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Now browsing: Hometown News > News > Volusia County

New Smyrna Beach examines options for AOB site
Rating: 2.45 / 5 (11 votes)  
Posted: 2013 Dec 20 - 06:10

By Estella R. Fullmer

For Hometown News

NEW SMYRNA BEACH -- The City Commission is facing a decision about the old Administrative Office Building site at 160 North Causeway.

Earlier this year the commission voted to sell the land and opened it up to offers for development.

There were four responses to the call for bids. Of those four, one withdrew and the city Economic Development Advisory Board eliminated another that was not in keeping with the Community Redevelopment Agreement. The board examined the other two proposals and arranged for the developers to present them to the commission on Dec. 10, according to Tony Otte, Director of Economic Development.

The first proposal was for a housing development from Rex-Tibbs Construction and Development Co. of Maitland. The company wanted to buy the land and build eight houses with private docks along the river with another 11 houses on the interior of the island that would have a shared docking facility. The interior houses will be around 2,500 square feet and cost around $230,000 each while the waterfront houses would be in the $400,000s and be closer to 4,000 square feet. The center will be a landscaped green area to help with storm run-off.

The other proposal under consideration is from White Development Co. of Clearwater and is for a 30,000-square-foot grocery store with possibly a few small stores on each end. The plan also includes public access to the existing boat docks and accommodates the parking and access needs of the Marine Discovery Center.

"I envision a winding walkway with attractive lighting and maybe a few benches in alcoves along the way," said Jim White, company president.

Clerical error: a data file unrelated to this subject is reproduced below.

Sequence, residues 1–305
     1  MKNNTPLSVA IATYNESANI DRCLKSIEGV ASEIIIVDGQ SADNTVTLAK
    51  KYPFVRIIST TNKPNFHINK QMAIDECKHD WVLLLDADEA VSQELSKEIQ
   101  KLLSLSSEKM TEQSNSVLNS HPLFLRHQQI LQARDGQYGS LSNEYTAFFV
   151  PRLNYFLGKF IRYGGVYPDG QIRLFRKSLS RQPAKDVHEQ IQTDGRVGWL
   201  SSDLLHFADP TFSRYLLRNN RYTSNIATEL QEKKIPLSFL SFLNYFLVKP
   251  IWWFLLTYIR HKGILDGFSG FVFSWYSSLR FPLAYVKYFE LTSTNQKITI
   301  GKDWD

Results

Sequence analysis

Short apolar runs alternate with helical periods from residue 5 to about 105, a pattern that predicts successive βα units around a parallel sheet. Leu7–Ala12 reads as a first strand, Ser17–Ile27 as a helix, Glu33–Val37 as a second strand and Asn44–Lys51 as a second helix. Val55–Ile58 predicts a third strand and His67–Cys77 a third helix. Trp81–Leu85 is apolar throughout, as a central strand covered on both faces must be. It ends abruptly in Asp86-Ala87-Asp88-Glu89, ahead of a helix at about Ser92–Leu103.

The grocery store building would be thin and long and a single story with an architectural style similar to those in Key West.

Both plans presented were for purchase of the land at about one-third of the assessed worth. Steve Sather, a North Causeway area resident, asked the commission, "Does it make sense for us to accept offers that are that low?"

Several members of the public expressed their concerns during the public comment portion of the meeting. Some members of NSB Citizens for Smart Growth stated their approval for the housing development, which the builder intends to call "South Bay, an exclusive river front community" and concerns over increased traffic on North Causeway if a grocery store were to be added.

Other residents felt the grocery store was a better option and would benefit the most people. "I would hate to see the city lose such a beautiful piece of water front property," resident Robert Reece said. "The housing plan would benefit only those few who will live there while Mr. White's plan is more open to the community. With the other plan we are going to lose 100 percent of the view of the water."

Mr. Reece also asked the city to keep the residents informed as to what is going on in that area.

Dren Owenby said, "We need a grocery store in that area. People are already going out of the area to get groceries so the traffic is already there. I don't see how traffic would be any worse."